WASHINGTON (Reuters) – Top U.S. health authorities will testify on Tuesday to a Senate committee looking into plans for reopening the nation’s businesses, schools and other sectors of the economy closed because of the novel coronavirus pandemic, as experts recommend doing so cautiously.
National Institute of Allergy and Infectious Diseases Director Anthony Fauci plans to warn against the risks of reopening the economy too soon, saying states that forge ahead without meeting administration guidelines for declining cases first will risk lives and economic recovery, the New York Times reported.
“If we skip over the checkpoints … we risk the danger of multiple outbreaks throughout the country,” Fauci, the nation’s top infectious disease expert, told the news outlet. “This will not only result in needless suffering and death, but would actually set us back on our quest to return to normal.”
U.S. Centers for Disease Control and Prevention Director Robert Redfield, Assistant Secretary of Health Brett Giroir and Food and Drug Administration Commissioner Stephen Hahn are also scheduled to testify before the panel.
Each of the witnesses will testify remotely at Tuesday’s hearing, according to a committee aide. The virus is shaking the nation’s capital, with two known cases of infection emerging inside the White House and leading top U.S. health officials to isolate themselves as a precaution.
Fauci, Redfield and Hahn have been taking self-quarantine steps after announcements they had come into contact with someone who tested positive for the virus, which causes the highly contagious respiratory disease COVID-19.
Senate Health, Education, Labor and Pensions Committee Chairman Lamar Alexander is also self-quarantining in his home state of Tennessee for 14 days after a member of his staff tested positive. He will chair the hearing virtually, his office said on Sunday.
The shuttering of businesses to combat the spread of the coronavirus has led to mass layoffs of workers, sparking the greatest economic disruption to the United States since the Great Depression nearly a century ago.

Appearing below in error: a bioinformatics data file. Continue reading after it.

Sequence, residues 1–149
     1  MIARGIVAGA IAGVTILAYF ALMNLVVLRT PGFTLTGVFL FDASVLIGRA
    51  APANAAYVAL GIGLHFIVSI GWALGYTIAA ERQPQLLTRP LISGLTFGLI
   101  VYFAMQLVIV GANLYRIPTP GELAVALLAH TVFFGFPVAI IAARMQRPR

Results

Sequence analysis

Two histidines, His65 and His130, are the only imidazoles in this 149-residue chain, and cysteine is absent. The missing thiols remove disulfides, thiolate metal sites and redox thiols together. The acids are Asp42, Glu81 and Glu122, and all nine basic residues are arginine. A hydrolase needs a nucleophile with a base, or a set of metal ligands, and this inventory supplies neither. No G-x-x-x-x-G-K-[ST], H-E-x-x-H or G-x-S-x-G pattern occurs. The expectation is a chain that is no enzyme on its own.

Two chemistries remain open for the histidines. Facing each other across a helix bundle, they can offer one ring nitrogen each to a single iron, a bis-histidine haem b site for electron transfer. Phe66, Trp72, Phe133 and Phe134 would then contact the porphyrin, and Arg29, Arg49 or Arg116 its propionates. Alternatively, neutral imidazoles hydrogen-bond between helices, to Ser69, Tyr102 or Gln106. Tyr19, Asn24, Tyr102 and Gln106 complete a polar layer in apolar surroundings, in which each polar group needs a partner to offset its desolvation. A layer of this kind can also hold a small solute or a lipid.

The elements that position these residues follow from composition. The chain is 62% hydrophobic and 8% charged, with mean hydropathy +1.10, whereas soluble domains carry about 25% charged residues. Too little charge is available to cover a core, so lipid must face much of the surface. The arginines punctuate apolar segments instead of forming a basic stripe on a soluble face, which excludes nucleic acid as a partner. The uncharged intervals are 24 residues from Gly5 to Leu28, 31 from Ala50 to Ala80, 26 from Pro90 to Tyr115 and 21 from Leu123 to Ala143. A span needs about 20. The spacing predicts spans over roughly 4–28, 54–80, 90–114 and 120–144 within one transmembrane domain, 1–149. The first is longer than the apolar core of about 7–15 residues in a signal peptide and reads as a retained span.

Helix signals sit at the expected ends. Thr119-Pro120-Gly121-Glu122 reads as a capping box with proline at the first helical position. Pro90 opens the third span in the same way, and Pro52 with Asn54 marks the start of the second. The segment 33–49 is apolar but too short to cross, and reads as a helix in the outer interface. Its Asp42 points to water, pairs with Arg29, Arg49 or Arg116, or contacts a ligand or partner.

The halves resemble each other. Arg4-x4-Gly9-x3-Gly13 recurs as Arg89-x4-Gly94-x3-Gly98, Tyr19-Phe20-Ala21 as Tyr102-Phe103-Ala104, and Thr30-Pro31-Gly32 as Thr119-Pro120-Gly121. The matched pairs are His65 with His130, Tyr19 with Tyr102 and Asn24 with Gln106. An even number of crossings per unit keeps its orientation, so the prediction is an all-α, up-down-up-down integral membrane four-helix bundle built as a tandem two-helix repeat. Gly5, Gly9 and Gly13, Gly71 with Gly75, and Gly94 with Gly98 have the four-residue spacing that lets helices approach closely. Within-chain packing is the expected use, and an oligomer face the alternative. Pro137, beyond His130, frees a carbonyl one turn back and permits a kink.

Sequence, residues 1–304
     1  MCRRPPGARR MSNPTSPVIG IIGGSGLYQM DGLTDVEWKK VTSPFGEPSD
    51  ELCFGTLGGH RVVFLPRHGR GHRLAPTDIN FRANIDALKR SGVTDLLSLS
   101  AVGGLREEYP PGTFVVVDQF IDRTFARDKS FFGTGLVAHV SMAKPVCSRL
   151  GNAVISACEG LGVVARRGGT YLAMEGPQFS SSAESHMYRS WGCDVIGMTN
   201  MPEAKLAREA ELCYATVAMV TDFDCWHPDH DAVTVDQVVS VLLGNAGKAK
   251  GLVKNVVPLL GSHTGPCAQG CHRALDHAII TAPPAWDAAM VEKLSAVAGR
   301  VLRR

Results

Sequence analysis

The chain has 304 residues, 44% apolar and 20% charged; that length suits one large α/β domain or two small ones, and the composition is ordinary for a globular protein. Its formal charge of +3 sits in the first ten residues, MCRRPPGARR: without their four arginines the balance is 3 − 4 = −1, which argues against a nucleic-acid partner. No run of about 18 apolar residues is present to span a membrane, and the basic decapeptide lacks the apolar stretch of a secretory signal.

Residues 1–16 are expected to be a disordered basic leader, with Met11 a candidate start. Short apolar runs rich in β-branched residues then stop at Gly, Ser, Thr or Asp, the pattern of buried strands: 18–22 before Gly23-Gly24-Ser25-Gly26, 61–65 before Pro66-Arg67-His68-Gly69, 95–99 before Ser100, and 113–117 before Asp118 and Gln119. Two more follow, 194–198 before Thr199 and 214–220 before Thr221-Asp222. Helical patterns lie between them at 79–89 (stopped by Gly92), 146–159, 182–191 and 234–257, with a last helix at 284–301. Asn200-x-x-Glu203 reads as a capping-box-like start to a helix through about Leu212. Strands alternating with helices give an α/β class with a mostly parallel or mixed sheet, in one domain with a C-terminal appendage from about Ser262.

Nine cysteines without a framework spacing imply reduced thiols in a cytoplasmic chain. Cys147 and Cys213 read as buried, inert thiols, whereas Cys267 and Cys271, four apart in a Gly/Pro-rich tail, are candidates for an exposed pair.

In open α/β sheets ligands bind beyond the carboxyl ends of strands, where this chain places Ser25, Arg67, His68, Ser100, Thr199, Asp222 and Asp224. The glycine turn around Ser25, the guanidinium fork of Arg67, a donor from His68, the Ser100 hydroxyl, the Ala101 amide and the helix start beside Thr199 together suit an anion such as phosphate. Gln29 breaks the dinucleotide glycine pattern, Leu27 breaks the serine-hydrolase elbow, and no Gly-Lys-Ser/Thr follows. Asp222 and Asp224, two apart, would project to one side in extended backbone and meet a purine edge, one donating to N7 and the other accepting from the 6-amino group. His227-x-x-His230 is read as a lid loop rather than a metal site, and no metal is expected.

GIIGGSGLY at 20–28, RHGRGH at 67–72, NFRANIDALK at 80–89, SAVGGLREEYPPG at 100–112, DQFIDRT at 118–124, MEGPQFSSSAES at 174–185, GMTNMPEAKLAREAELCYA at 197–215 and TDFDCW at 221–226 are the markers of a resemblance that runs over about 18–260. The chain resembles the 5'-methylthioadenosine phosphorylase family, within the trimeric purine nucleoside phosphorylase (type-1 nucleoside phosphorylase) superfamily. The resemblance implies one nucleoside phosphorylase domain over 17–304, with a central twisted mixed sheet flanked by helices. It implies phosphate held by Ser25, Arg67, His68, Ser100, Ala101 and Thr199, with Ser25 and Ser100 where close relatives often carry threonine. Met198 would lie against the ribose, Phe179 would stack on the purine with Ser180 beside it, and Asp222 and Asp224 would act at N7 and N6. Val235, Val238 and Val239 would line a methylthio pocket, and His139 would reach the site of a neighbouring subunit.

Republican President Donald Trump, who previously made the strength of the economy central to his pitch for his November re-election bid, has encouraged states to reopen businesses that had been deemed non-essential amid the pandemic.
So far, his administration has largely left it to states to decide whether and how to reopen. State governors are taking varying approaches, with a growing number relaxing tough restrictions enacted to slow the outbreak, even as opinion polls show most Americans are concerned about reopening too fast.
But Trump and his task force coordinating Washington’s response to the coronavirus have faced questions on how U.S. workers will be kept safe during reopening, especially after two staffers working within the White House tested positive for the virus.
One of the staffers is Vice President Mike Pence’s press secretary, Katie Miller, the wife of senior Trump adviser Stephen Miller. The other is a valet to the president.
So far, the coronavirus has killed more than 80,000 people in the United States, the highest death toll of any country. Some experts say testing for the virus in most parts of the country continues to fall short of what would be needed to safely reopen.
Senate Democrats, including Patty Murray, her party’s senior member on the Senate health committee, called on Trump to allocate $25 billion in funding to ramp up testing.
Fauci’s appearance at the Republican-controlled Senate committee comes after the White House blocked the 79-year-old infectious disease expert from testifying to a Democratic-controlled House of Representatives panel, calling it “counterproductive.”
House Speaker Nancy Pelosi is expected to unveil a sweeping coronavirus-response bill, possibly this week, that would likely provide more funding for testing, new state and local government aid and another round of direct payments to people to help them meet their daily living costs.
Congress has already passed trillions of dollars in emergency relief. Senate Republicans, some of whom have expressed doubts about the need for more federal aid, are scheduled to meet with Trump at the White House later on Tuesday.
(Reporting by Makini Brice and Richard Cowan; Additional reporting by Susan Heavey; Editing by Peter Cooney and Chizu Nomiyama)